While Dow has been successful in obtaining some documents that pertain to Plaintiffs' conduct in the downstream market, it has encountered some difficulty in its pursuit of documents from the Foam Litigation (hereinafter, "the Foam Documents"). Before describing those difficulties, it is first important to note that Dow represented to the MDL Court in May 2013 that it did not intend to request new discovery from the Foam Litigation. See Dow Notice Regarding Discovery Materials from the Polyurethane Litigation, June 10, 2013, 04-md-1616 (D. Kansas), May 17, 2013, ECF No. 2882. Additionally, a prior order from the MDL Court had already noted that fact discovery would conclude in February 2012.

In September 2013, however, Plaintiff Carpenter Co. and E.R. Carpenter (collectively, "Carpenter") moved to reopen discovery so that some of their former employees who had previously invoked their Fifth Amendment privilege could withdraw their invocations and testify. The MDL Court permitted discovery to reopen, and allowed Dow to seek "limited follow-up discovery after the depositions."

Following the depositions, Dow sought additional documents filed under seal in the Foam Litigation as follow-up discovery. An order dated November 5, 2013 from the MDL Court (hereinafter, "the November 2013 Order") denied Dow's request, and noted that "Dow fails... to address why its new discovery request is timely, in other words, what information arose in the recent depositions that would justify Dow's request for the information now. " Order dated Nov. 5, 2013, 04-md-1616 (D. Kansas), ECF No. 3073, at 3. It further held:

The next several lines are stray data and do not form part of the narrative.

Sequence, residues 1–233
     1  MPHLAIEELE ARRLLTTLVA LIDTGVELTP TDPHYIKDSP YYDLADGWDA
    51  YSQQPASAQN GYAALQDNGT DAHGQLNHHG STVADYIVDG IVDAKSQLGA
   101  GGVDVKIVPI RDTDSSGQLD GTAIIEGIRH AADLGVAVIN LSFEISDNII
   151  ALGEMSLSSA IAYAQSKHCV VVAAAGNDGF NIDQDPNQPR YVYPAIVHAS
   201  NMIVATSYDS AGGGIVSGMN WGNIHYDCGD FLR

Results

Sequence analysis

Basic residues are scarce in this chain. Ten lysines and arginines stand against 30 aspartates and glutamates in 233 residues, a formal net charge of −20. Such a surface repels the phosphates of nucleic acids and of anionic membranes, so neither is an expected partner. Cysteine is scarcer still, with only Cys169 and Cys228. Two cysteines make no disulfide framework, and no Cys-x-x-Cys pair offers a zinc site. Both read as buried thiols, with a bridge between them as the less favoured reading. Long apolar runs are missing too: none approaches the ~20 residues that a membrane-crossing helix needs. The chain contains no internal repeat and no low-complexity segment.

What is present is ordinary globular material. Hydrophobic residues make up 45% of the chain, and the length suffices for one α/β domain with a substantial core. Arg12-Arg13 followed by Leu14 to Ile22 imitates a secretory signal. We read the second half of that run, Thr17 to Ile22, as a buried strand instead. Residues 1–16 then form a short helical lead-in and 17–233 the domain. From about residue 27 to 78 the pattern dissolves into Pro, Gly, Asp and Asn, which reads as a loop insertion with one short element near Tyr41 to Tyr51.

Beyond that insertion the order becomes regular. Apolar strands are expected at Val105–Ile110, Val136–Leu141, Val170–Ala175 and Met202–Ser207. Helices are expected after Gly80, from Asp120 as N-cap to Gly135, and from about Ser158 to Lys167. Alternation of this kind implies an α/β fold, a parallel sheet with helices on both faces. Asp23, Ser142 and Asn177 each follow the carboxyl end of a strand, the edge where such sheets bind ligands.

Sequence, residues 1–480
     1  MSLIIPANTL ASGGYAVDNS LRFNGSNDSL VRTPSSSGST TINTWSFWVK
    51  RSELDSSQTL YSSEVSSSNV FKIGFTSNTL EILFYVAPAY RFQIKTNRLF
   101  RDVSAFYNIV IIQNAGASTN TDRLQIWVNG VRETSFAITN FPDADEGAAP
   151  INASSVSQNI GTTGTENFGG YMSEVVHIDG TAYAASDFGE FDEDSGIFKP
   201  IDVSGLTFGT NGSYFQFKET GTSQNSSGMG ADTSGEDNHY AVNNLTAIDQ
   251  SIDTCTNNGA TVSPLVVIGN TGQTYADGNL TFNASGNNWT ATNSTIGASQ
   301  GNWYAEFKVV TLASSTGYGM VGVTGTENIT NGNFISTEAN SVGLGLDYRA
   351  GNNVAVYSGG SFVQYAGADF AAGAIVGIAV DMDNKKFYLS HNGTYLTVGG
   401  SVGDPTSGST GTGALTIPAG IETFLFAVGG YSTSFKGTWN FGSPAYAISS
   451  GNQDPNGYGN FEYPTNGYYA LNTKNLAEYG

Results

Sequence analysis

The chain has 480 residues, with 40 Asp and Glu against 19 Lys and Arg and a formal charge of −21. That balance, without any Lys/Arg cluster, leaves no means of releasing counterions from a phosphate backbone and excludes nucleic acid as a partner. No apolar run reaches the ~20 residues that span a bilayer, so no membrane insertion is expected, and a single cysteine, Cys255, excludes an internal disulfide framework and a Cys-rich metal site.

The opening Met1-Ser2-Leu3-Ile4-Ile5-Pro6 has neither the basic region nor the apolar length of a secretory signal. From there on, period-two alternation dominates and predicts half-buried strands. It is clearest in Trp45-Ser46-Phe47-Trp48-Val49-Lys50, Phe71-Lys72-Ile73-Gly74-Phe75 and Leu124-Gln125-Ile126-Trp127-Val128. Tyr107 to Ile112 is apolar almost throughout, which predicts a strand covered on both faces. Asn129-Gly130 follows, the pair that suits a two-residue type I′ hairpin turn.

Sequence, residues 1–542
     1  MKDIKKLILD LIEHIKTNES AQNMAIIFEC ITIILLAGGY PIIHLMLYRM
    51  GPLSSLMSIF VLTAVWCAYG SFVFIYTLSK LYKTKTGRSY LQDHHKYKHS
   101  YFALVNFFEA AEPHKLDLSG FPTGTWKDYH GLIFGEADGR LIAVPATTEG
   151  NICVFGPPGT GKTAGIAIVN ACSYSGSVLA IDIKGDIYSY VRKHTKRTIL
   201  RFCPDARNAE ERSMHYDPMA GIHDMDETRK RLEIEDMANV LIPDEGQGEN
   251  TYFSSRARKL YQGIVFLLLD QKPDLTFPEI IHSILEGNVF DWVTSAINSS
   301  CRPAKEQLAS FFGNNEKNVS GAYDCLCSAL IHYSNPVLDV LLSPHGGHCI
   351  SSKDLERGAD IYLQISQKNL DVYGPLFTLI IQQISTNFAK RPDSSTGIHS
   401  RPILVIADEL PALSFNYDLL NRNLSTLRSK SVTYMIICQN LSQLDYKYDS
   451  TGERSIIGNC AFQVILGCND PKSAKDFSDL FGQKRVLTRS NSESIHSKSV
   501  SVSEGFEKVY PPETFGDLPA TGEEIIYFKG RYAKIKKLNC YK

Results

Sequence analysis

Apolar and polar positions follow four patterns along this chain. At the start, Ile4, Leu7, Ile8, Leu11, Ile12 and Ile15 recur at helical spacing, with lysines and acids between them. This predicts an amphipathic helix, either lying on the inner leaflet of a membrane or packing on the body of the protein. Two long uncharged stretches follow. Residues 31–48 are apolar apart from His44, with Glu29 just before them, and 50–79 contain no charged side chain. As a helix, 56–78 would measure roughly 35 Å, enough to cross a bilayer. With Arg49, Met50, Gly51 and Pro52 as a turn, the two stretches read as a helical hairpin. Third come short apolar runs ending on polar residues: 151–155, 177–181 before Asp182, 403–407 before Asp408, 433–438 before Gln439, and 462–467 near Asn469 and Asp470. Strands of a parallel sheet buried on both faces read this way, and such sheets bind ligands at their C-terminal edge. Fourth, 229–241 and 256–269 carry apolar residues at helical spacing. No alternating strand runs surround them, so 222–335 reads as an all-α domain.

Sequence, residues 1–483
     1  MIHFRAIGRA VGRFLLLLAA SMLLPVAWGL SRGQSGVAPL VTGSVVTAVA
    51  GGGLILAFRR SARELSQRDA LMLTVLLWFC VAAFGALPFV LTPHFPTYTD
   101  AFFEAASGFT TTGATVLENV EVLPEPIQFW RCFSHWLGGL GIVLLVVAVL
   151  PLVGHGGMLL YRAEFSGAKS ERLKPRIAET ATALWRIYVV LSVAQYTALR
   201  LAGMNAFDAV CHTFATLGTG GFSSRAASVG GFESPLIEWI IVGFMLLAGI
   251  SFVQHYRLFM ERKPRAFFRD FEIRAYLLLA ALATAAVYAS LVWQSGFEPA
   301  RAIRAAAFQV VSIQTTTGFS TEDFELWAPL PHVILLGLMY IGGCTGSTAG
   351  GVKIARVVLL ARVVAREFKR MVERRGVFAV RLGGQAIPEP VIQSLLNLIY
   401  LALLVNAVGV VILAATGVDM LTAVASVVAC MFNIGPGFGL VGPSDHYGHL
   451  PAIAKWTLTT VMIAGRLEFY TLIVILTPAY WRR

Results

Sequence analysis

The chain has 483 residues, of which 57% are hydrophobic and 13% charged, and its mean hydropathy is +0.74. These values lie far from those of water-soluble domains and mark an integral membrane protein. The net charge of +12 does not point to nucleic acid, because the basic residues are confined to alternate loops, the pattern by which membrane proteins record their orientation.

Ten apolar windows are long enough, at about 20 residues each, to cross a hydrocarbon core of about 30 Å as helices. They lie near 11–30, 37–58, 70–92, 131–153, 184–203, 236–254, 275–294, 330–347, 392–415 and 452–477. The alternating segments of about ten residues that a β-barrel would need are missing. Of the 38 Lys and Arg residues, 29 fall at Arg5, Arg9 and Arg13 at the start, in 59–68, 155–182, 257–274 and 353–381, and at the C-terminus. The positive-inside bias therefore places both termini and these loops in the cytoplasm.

In its instant request to reopen discovery into the Foam Litigation, Dow does not identify any specific new information arising from the depositions of the [Carpenter] witnesses that would justify a wholesale change of course.... Dow does not identify a single line of recent testimony that would suggest the necessity of follow-up discovery consisting of the entire discovery record in the Foam Litigation"

Id. at 4. Following the November 2013 Order, Dow again sought the Foam Documents, this time arguing that they were encompassed in prior discovery requests. The MDL Court denied that request as well, explaining that "the time to make new discovery requests related to the Foam Litigation had long passed, and that Dow had previously represented to the Court that it would not seek new discovery from that litigation." Order dated Jan. 24, 2014, 04-md-1616 (D. Kansas), ECF No. 3129. Six months later, the MDL Court suggested remand to this Court, noting that discovery in this case was complete. Pretrial Order of the Transferee Court Regarding Cases Ready for Remand dated July 1, 2014, 04md-1616 (D. Kansas), ECF No. 3202.